November 30, 2005
Legal settlement has ‘Idol’ on Fox till ’09
By Mimi Turner and Cynthia Littleton
LONDON/LOS ANGELES (Hollywood Reporter) - British pop
moguls Simon Cowell and Simon Fuller have settled their
differences, and now Fox has sealed a deal to keep "American
Idol" humming on the network through at least 2009.
Cowell-produced U.K. TV hit "X Factor" format, which Fuller
claimed was a clone of his hugely popular "Pop Idol" format.
As part of the settlement, Fuller will become a part owner
of "X Factor," and the two partners have struck a separate deal
giving Fox the U.S. rights to "X Factor."
The settlement also cleared the way for Cowell to cut a new
deal to remain with Fox's mega-hit "American Idol," which is
produced by Fuller's 19 Entertainment and FremantleMedia.
Fox has committed to ordering at least four more seasons of
"Idol," starting with the fifth incarnation of the amateur
sing-off competition series set to bow in January. The deal
includes an automatic renewal option for two additional seasons
so long as "Idol" hits preset ratings targets during its run in
According to a Securities and Exchange Commission filing
Tuesday by 19 Entertainment's New York-based parent company,
CKX Inc. -- owned by billionaire investor Robert F.X. Sillerman
-- the "Idol" renewal calls for Fox to pay 19 and Fremantle an
additional $18 million (on top of the show's regular
seven-figure-per-episode license fee) for the roughly 40
episodes on deck for the 2006 edition of the show that airs
twice a week. In 2007, the premium Fox will pay climbs to $21.5
million, rising to $35.5 million for the 2011 edition should
the show run that long, according to the SEC filing.
The new pact also secures Cowell's services as a judge on
"American Idol" for five more seasons, starting with the
upcoming 2006 edition. And Sony BMG also has renewed its "Idol"
ties as the recording home of the ultimate winners of the show.
According to the SEC filing, the new arrangement calls for Sony
BMG to pay 19 a higher percentage of sales from "Idol"-related
recordings in the U.S. and U.K., plus a fee of $5 million per
season for the next five "American Idol" editions.
The new "American Idol" deal between Fox and 19
Entertainment and Fremantle also calls for the network to order
at least two additional non-"Idol" series co-produced by 19 and
Fremantle. Fox also has committed to building and hosting a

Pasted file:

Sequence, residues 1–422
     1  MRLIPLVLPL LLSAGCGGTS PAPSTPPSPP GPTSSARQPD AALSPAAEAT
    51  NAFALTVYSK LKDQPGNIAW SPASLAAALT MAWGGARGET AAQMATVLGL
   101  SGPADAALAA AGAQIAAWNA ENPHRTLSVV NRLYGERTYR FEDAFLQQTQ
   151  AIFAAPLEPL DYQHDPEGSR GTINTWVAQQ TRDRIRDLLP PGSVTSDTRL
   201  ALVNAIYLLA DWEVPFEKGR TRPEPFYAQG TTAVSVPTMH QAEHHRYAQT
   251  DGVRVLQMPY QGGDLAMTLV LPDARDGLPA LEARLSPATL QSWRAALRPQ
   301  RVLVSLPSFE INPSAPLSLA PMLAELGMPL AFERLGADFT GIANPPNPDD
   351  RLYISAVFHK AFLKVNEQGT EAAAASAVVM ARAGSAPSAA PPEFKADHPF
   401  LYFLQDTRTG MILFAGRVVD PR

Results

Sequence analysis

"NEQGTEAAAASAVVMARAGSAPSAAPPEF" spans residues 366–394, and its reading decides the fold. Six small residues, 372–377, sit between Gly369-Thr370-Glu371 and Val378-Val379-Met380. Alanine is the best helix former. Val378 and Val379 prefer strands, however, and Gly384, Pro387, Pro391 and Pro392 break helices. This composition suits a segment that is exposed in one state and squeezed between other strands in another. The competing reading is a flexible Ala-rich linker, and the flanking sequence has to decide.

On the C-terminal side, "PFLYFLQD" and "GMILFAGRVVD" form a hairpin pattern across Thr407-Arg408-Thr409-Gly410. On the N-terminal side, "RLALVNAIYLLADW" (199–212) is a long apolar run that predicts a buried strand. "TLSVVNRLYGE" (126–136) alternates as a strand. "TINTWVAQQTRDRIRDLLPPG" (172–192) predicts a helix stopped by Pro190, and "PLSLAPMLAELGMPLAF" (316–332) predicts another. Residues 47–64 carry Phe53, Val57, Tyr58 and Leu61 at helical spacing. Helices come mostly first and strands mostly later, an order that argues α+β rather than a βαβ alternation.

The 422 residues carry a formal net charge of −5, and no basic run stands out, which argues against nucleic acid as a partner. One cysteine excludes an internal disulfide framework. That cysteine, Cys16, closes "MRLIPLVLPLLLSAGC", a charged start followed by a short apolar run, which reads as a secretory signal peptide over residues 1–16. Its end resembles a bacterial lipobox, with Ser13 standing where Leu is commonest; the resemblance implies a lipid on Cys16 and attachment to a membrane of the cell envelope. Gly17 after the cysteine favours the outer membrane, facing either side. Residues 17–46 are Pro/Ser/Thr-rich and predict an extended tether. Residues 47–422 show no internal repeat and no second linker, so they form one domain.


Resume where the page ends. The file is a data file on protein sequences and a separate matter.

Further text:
dedicated AmericanIdol.com Web site, with the network and
"Idol" producers taking two-thirds of any Internet-generated
"Idol" revenue beyond a $5 million base threshold in 2006, $7
million in 2007 and increasing thereafter, according to the SEC
Moreover, the "Idol" partners have granted Fox the right to
exploit the show in the emerging world of wireless media
through ringtones, video clips and related services, with 19
and Fremantle taking 50% of telephony revenue above a base $3
million in 2006, $4.5 million in 2007 and increasing
thereafter, according to the SEC filing.
Although it was a long, complex negotiation, Cowell
stressed in an interview Tuesday that he and Fuller had managed
to stay friendly through their business dispute. And now that
the legal wrangling is behind them, the two are firmly focused
on future projects.
"The deals that we've worked out here are as much (about)
making new (non-'Idol') shows as it was about securing the
future of 'American Idol,"' Cowell said. "Genuinely, everybody
has come out of this with closer relationships than we had
before. You don't enter into agreements of this length with
people that you're going to be at loggerheads with."
Fuller launched legal action against Cowell and "X Factor"
producer FremantleMedia in September 2004. The case had been
due to be heard at London's High Court last week but was
adjourned in preference for an out-of-court settlement.
"Simon Cowell has been a key component in the incredible
success of 'American Idol,' and I am delighted to have reached
an agreement that will see this relationship continue and grow
over future years," Fuller said in a statement.
As for all the recent speculation that Fox aims to shift
"American Idol" out of its regular Tuesday-Wednesday scheduling
pattern to a time slot on Thursday, Cowell said he didn't know
what the network's plans were but wasn't concerned about any
possible time slot shift.
"Wherever we sit on the network, we'll be fine," Cowell
said. "Regardless of where we play, our focus now must be on
making the greatest shows we can, and the audience will find